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The Spirit of Budo: Grapple with Japanese Martial Arts and Philosophy

 

To many, Japan is synonymous with martial arts. But far from being a single unified field, over centuries of continual evolution budo (or “the way of the warrior”) has given rise to numerous branches that provide would-be practitioners with endless avenues for physical and spiritual self-improvement, and curious observers with a wealth of potential tourist experiences.

 

Japanese martial arts: The way of the warrior

 

When discussing Japan’s martial arts, some basic Japanese can help put things into context. The term most commonly used to encompass a dizzying range of disciplines is “budo,” written with two characters, 武道, which translate as “the warrior’s path,” or “the way of the warrior.”

 

This sense of a journey, or a lifelong calling, is reflected in the names of other martial arts such as kendo (剣道, “the way of the sword”), kyudo (弓道, “the way of the bow”), aikido (合気道, “the way of harmonious energy”) and more besides.

 

Contemporary martial arts practice is as much about self-discipline as self-defense.

 

And while that may sound like it requires a daunting level of commitment, don’t worry: Japan offers a wealth of budo-related tourism opportunities that can be as deep, or as casual, as you prefer.

 

Conquering the self: Budo’s philosophical underpinnings

 

Budo can be divided into two broad categories: kobudo (古武道, “classical martial arts”) and gendai-budo (現代武道, “modern martial arts”).

 

Kobudo typically denotes disciplines that predate the Meiji restoration of the 19th century, including senjutsu (戦術, “battle techniques”) practiced by samurai warriors during the Sengoku period (1467–1615), from swordsmanship, to archery, horse riding, unarmed combat and even swimming.

 

A shift in emphasis began during the relative peace of the Edo period (1603–1867). As conflict subsided, martial arts became a way to refine oneself and cultivate qualities such as coordination, discipline, confidence, modesty and aesthetic perfection, mirroring more genteel pastimes like sado (茶道, tea ceremony), shodo (書道, calligraphy) and kado (華道, flower arranging).

 

Judo and aikido (pictured) are two primarily defensive arts, dedicated to using an attacker’s momentum against them.

 

Karate and judo: Internationally renowned, honorable fighting practices

 

This trend accelerated during the rapid modernization of the Meiji era (1868–1912), and perhaps the best known and most widely practiced martial arts fall into the gendai-budo category of activities codified in this period.

 

Judo (柔道, “the gentle way”), grew out of samurai-era jujutsu (柔術), and embodies the ideal of self-defense – bending like a reed in the wind to use an attacker’s momentum against them with a repertoire of throws and holds.

 

Judo’s global popularity owes much to the fact that it has been an Olympic sport since the 1964 summer games in Tokyo. It’s also an ideal setting for children to learn how to fall safely through techniques known as “ukemi.”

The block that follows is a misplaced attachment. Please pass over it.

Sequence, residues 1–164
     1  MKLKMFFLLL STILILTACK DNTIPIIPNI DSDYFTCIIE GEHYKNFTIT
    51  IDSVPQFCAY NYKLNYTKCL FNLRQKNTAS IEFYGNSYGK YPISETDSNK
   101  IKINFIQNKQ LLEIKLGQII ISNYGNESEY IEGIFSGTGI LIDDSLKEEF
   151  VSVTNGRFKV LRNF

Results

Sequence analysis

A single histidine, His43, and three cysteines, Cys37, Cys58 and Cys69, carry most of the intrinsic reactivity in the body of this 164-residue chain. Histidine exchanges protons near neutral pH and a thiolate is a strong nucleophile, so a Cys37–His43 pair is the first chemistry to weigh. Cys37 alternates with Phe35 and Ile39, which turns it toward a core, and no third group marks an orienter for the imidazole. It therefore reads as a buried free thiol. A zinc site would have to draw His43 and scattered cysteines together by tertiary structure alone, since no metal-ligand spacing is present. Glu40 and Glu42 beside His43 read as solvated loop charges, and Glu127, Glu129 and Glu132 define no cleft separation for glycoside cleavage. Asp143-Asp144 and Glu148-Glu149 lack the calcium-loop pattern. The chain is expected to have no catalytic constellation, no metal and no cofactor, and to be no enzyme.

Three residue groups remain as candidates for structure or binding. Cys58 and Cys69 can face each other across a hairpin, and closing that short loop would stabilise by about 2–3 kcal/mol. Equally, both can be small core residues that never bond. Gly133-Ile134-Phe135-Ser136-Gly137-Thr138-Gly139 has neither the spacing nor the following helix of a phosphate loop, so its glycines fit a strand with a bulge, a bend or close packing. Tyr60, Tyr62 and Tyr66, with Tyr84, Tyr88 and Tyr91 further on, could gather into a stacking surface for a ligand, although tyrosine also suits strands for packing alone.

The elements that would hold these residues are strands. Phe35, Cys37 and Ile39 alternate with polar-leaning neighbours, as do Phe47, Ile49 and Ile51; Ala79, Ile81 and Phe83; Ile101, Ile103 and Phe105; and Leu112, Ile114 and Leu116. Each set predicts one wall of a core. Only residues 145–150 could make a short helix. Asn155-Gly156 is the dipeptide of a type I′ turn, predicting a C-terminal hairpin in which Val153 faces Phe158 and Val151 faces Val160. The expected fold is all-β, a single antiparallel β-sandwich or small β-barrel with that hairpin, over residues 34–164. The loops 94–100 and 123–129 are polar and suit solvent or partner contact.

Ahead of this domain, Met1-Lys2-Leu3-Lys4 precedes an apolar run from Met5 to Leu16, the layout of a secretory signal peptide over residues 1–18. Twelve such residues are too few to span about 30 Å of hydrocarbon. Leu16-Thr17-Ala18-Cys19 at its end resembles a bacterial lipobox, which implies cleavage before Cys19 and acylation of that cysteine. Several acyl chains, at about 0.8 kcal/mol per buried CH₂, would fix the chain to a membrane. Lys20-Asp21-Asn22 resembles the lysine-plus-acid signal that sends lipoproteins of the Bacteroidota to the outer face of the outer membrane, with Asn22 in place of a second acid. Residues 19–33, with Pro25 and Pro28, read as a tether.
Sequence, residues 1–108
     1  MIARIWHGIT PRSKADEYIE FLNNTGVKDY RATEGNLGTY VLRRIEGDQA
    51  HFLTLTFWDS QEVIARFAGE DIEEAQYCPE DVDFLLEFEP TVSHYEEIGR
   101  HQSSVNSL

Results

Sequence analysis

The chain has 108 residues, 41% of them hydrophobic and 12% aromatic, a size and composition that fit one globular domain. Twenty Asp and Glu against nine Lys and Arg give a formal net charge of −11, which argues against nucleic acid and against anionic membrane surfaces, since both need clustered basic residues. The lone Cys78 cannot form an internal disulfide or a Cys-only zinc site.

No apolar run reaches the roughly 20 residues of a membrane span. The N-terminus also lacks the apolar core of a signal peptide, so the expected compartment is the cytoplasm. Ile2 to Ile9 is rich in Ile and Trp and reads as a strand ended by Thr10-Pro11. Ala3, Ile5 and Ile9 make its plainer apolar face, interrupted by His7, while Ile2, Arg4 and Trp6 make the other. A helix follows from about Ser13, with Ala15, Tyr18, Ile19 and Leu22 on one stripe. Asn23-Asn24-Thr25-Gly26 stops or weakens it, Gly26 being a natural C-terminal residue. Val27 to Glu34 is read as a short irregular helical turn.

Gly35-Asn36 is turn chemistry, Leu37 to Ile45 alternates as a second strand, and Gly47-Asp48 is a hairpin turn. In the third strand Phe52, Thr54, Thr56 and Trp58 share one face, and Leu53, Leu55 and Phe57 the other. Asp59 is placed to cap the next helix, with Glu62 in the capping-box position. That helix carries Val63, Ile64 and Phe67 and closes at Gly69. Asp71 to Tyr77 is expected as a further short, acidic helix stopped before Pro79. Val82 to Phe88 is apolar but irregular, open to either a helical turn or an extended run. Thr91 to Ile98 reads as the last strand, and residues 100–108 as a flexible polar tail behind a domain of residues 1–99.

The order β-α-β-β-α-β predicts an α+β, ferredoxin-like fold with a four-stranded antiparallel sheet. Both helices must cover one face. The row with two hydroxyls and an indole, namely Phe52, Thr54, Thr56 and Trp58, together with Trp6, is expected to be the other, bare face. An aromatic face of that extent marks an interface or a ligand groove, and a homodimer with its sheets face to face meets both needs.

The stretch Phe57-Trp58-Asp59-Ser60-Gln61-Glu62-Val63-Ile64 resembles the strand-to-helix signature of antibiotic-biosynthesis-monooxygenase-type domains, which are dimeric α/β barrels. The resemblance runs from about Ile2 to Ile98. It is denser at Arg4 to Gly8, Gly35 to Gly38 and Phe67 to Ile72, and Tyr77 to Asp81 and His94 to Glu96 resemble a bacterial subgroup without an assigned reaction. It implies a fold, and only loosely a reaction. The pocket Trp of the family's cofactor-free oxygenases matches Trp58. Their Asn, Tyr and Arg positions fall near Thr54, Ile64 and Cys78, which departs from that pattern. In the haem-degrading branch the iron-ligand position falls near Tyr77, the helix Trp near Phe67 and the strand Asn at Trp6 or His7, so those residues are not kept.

Okinawa’s annual Enbusai performance and parade demonstrate karate’s importance to the regional identity.

Photo credit: Okinawa Karate Events

 

Karate (空手, “empty hand”), which joined Judo as an Olympic sport at Tokyo 2020, has its roots in traditional forms of combat developed in Okinawa (the historical Ryukyu Kingdom). It remains a core part of the local identity, celebrated through October’s annual Karate Day Enbusai festivities.

 

Visitors to the islands can also sample various activities as part of the Okinawa Karate Experience. And in numerous dojos nationwide, an initial emphasis on perfecting kata drills and kumite routines as opposed to full-contact sparring creates a welcoming environment for aspiring practitioners of all ages, abilities and genders.

 

Other practices: Sumo, kendo, kyudo and jiu-jitsu

 

Another martial art commonly grouped among gendai-budo but with much more ancient beginnings is Japan’s iconic national sport, sumo. A range of participatory and spectatorial activities can be found via SumoExperience.com.

 

Sumo remains one of Japan’s most popular and iconic sports.

 

Two disciplines mentioned earlier in this blog hark back to samurai battlefield practices: kendo is descended from samurai kenjutsu (剣術) sword techniques, but keeps things safe through the use of bamboo swords and protective armor. Samurai Trip  offers kendo-based experiences in a variety of locations across Japan.

 

Kendo is the sporting heir of traditional samurai swordsmanship.

Photo credit: Samurai Trip

 

Kyudo long bow archery is perhaps the epitome of martial art as a grounding in poise and stillness – the slightest flinch or twitch can send one’s arrow humiliatingly (or dangerously!) wide of the mark. Those keen to test their nerve (clad in a traditional hakama skirt) can check out Wasabi’s kyudo experience.

 

Kyudo archery is typically practiced in a traditional hakama.

Photo credit: Wasabi kyudo

 

Finally, a more modern creation that has taken things full circle from samurai art through Meiji-era exercise to dominate modern-day competitive mixed martial arts is Jiu-Jitsu, whose unusual spelling (a corruption of jujutsu) denotes its reimportation from Brazil after judo was taken to South America by Japanese migrants in the 20th century.

 

Find more martial arts-based activities across Japan at the Japan Sports Agency website here.

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    About the author

    Author: David McMahon
    Profile: Drawn to Japan from his native UK in 2003 by a love of the country’s underground music, parallel to work as a translator and localization professional David McMahon has written on food, travel, sport, and culture for outlets including the Japan Times, Nippon.com, and NHK World. 

     

     

     

     

     

 

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